What do you think will happen to Ellie and Charlie? Are you tempted to write a sequel?
Kirstin: We’ve disagreed about this. I don’t think Ellie and Charlie would necessarily stay together — they’re still quite unformed as people at the end of the book. But Rowland thinks I’m wrong!
Rowland: I always really liked that part because it felt very romantic. Maybe I’m over-identifying with Ellie and Charlie but they seem to me very well-suited, and I think their experience have helped them grow up to the extent they can manage a relationship. If there ever was a sequel it would have to be about them being unhappy. I’m not sure I could bear that! I’d love to know what Rose did next though…
Nietzsche aside, were there other authors that influenced this novel? The campus comedy has a strong tradition in British fiction.
Rowland: I really like campus comedies but they do often feel very old-fashioned in the way they treat university. Students are much more professional and less political than they were when Malcolm Bradbury was writing (although that may be changing). Alain de Botton’s Essays in Love is probably the closest thing to this book in terms of style, but I found the characters in that hard to engage with, so that was more of a provocation. This book doesn’t tend to draw explicit lessons but (hopefully) lets the characters speak for themselves.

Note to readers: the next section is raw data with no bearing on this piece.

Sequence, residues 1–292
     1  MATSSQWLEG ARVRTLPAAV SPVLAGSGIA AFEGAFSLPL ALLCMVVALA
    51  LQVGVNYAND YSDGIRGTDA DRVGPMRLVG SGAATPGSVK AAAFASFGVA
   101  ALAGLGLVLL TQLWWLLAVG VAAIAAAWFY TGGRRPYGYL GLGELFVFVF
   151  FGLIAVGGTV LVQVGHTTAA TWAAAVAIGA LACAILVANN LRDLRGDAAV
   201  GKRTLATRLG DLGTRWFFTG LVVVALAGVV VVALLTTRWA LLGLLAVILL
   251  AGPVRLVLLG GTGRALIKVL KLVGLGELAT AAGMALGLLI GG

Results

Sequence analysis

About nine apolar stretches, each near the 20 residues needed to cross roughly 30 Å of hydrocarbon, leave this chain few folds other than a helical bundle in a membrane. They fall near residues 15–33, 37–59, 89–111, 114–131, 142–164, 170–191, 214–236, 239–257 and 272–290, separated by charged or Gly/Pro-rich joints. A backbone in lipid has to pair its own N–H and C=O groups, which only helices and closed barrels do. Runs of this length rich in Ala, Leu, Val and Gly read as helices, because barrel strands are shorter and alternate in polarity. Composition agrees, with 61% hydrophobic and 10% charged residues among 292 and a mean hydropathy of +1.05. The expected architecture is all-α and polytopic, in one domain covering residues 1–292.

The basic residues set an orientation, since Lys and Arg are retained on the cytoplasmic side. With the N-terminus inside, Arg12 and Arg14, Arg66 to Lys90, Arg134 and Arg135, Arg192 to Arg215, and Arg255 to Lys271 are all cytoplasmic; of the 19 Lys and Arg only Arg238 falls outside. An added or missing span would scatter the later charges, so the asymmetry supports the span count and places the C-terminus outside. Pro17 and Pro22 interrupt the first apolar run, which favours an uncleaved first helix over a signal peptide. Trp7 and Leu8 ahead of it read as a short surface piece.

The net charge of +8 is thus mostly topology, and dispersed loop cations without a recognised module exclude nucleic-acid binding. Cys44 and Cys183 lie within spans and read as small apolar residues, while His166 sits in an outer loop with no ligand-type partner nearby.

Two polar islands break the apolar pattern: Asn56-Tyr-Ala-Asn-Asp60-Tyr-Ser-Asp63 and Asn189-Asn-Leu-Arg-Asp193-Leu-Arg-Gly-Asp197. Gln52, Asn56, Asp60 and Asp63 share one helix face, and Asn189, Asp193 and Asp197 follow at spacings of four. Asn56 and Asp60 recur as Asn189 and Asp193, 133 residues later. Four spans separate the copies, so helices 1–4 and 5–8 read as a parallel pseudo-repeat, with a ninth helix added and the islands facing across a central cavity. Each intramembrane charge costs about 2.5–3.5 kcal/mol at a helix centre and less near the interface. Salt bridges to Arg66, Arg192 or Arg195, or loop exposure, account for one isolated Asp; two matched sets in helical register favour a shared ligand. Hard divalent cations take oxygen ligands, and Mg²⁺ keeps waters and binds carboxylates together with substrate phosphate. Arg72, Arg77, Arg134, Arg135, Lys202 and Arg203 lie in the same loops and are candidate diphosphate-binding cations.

Kirstin: One thing I was very aware of writing this was that it was set before some of the important recent political stuff in unis happened, e.g. tuition fees and increased debt, Prevent, casualisation of HE and FE staff… I think we’re likely to see a new and revived era of campus politics, which is really welcome, and that might bring with it a different kind of campus novel.